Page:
Men in particular tend to be mission oriented and industrious. Suicide amongst men is an act of will. Once they’ve decided to do themselves in, then they plan, then they execute. Aggressively. In Australia, with very few guns, the main choice is to hang themselves.

For example, I knew a young man several years back, who came to believe that there was no merit to continued existence. He proceeded to set up meetings with all the people he thought might have a good counter argument, and had the discussion with each of them, without explaining his plan. Apparently none of them had good answers, so he left a note explaining all this in great detail, then sat down in the middle of his back yard, poured petrol over himself and lit a match.

If you wanted to reduce male suicide, you’d need to address the really hard questions about why they’re doing it. Practically nobody wants to go there though.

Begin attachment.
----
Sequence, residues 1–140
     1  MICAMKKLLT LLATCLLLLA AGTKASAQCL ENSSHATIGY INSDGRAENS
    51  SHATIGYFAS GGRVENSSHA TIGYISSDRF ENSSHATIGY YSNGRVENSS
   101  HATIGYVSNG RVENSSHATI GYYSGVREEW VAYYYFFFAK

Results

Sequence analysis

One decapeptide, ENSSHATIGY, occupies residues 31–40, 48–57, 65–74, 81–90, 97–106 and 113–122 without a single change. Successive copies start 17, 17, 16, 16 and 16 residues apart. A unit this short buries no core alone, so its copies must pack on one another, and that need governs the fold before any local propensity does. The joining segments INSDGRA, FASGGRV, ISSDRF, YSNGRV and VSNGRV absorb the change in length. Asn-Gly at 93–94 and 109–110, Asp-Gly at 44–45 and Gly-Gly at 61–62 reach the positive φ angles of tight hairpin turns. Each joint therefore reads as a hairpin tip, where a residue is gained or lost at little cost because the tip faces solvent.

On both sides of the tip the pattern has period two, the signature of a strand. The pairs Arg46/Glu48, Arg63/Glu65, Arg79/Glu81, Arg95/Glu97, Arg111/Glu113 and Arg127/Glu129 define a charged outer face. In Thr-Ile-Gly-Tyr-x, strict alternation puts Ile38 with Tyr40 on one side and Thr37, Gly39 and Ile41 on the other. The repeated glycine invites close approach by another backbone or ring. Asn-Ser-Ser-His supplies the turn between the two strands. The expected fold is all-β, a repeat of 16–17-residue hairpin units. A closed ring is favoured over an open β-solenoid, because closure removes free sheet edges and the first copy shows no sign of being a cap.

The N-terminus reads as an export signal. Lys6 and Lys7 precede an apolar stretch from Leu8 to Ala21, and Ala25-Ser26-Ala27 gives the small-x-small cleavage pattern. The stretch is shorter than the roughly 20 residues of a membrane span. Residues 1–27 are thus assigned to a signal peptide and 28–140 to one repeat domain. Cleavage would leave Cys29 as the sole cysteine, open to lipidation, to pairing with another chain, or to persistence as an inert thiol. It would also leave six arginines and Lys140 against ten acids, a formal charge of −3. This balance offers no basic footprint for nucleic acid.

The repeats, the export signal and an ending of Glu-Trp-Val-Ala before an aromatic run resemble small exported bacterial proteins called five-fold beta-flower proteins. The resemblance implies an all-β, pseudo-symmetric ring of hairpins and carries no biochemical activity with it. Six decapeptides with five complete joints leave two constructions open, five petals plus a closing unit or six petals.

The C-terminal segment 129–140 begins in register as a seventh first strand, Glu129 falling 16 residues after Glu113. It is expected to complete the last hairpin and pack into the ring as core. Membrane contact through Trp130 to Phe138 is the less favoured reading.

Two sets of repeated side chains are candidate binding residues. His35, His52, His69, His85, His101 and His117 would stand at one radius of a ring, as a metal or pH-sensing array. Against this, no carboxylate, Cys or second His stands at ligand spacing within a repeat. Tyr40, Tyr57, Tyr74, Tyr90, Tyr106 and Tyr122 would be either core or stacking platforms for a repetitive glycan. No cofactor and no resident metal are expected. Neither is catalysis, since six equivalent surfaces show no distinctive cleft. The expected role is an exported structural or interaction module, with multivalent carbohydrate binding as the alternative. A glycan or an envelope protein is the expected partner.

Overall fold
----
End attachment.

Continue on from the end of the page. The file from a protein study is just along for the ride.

10 years of the government sponsored Beyond Blue project raising awareness without ever addressing reasons, has made virtually zero difference.


(Laura) #63

I’m sure this is true in many cases when the suicide has been planned out for a while. This is often not the case though, as they are often impulsive acts of despair. That proportion is what I was hoping to address here.
This is not to undermine the argument that there are ‘environmental’ underlying reasons or causes which can and should be addressed also.

I’d like to go there.


(Andrew Downing) #64

Well, I took a crack at answering that question a while back … Under Pressure


#65

I lean more towards the Liberal Democrats policy on this one, however perhaps not entirely.

Ideally, I’d like pistols and certain rifles to be legal to own after the age of 18 however only to those who have no prison record or violent history (possible exemptions for non-violent minor offences). The current system is quite strict since you need a legitimate use such as hunting or as a professional shooter, self-defence isn’t classified as legitimate which I disagree with.

I would also prefer if all purchasers and owners of firearms have their details stored in a national database with a more streamlined and less-strict application process, but with stricter control and compliance arrangements (like checking weapons every x amount of time for up-to-date for correct ownership) and obviously no bump stocks.